Birding Belize 2006
Journal 13 Jan 06
|I counted over 50 sand flea bites this morning. Dark red points with large pinkish-red blotches around them. Mine don't itch; Nancy's do. Who said birding was an easy sport?
We were up at 6:45 AM for an 8:30 AM trip to Cockscomb Basin Wildlife Sanctuary. That beautiful Hooded Warbler was there to greet us outside the Lodge. Our guide was David Obi, also known as Bredda Dave, who is a locally known Garifuna musician. He knows the area, and knows where there are birds, but is still learning the birds. We drove up in warm, sunny weather along the paved Southern Highway to Maya Centre. From there we drove on a gravel and mud road up into the Maya Mountains a few miles past Cabbage Haul Gap to the Jaguar Sanctuary Headquarters.
We birded the headquarters area while David oriented our fellow passengers, John and Clair from Cork, Ireland. Then we headed out along Wari (Pig) Lopp Trail. We'd gotten maybe a quarter mile when it started to rain. It varied from mist to drenching tropical showers, but it rained most of the time. Until the last quarter mile, when the sun came out. We still found good birds, although I wasn't able to take photos. We found, among others, Blue-gray, Passerini's, Red-crowned and Rose-throated Tanagers, Red-crowned Ant Tanager, Ringed and Green Kingfisher and both Waterthrushes. Birding was best from an overlook fifteen feet above the South Fork of Stann Creek. But it was a bit of struggle, and we ended up soaked to mid-thigh with shoes that were caked in mud. For some reason, the pouch on my pull-over Goretex raincoat filled with water.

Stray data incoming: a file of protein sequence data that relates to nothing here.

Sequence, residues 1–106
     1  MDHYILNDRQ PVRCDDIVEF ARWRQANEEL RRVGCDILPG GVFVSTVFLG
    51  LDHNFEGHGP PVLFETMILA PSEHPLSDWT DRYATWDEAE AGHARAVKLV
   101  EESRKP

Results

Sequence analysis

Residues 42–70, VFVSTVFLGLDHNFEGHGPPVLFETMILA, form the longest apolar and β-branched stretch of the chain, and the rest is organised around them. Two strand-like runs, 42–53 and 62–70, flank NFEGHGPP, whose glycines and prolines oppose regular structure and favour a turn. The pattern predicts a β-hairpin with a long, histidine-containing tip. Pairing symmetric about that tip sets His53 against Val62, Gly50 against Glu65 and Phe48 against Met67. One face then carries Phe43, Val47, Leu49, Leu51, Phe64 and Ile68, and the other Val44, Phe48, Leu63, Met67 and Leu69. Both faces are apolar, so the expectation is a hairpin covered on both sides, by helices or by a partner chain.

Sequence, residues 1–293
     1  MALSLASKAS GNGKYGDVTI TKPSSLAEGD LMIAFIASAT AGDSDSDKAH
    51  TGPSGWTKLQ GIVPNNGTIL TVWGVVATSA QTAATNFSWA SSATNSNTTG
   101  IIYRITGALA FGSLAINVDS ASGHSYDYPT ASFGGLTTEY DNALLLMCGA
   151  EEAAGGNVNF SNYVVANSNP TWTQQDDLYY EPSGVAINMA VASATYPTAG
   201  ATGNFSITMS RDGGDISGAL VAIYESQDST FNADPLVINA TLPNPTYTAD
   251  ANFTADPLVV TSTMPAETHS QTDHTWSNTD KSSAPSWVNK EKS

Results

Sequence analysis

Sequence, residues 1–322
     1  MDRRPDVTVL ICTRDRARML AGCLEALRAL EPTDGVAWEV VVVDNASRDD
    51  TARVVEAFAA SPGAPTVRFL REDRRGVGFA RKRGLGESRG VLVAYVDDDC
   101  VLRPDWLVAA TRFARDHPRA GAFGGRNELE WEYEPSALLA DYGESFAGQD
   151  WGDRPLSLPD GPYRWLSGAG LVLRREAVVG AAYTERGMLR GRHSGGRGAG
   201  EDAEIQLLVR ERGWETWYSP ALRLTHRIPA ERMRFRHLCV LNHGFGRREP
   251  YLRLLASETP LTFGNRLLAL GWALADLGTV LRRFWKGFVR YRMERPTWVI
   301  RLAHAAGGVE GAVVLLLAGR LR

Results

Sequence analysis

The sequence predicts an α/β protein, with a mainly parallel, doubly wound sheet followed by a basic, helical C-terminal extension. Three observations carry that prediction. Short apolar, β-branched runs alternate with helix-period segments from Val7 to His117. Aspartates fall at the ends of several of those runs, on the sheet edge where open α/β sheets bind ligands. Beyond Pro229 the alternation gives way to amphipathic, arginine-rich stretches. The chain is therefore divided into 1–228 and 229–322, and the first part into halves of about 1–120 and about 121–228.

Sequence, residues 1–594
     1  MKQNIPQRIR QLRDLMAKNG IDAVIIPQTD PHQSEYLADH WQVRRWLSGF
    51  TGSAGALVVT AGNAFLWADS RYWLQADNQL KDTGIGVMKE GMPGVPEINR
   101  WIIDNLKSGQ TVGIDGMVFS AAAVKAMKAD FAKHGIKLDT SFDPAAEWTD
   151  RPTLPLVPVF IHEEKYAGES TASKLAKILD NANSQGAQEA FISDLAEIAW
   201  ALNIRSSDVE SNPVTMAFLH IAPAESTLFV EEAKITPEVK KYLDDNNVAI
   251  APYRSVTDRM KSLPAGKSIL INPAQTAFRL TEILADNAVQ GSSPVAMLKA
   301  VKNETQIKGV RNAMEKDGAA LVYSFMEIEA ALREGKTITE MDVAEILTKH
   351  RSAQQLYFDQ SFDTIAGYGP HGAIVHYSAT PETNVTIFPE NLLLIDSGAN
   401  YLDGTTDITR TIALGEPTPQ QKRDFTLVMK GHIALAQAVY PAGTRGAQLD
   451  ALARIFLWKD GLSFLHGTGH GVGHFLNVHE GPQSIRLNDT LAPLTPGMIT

We hade a very nice picnic lunch brought along from Pelican Bay, under a picnic shelter in bright sunlight under beautiful blue skies. Then we headed out along the Green Trail. I was seduced by the sunlight into taking my camera. We made it a quarter mile before it started raining, and this time it was serious. You could hear it coming in the distance, a roar of rainfall on leaves. Continuous, drenching rain, hard enough to make it difficult to breathe. So my camera ended up wearing my raincoat and I made do. As before, the sun came out the last quarter mile.
On the way back, we stopped at the Garifuna community of Hopkins for a bit. It was surprisingly prosperous; perhaps some money has come in the last few years.
Everybody knows Bredda Dave. As we drove through Hopkins and Dangriga, adults and chidren would greet him. And we now own two of his CDs.
We did an evening walk around the edges of Dangriga again. Good birds, but nothing new. And we had out pant legs tucked in to our socks.
Click on the thumbnails below for a larger photo
This site © 2006 Jim & Nancy DeWitt
All rights reserved
All photos by Jim & Nancy DeWitt except as noted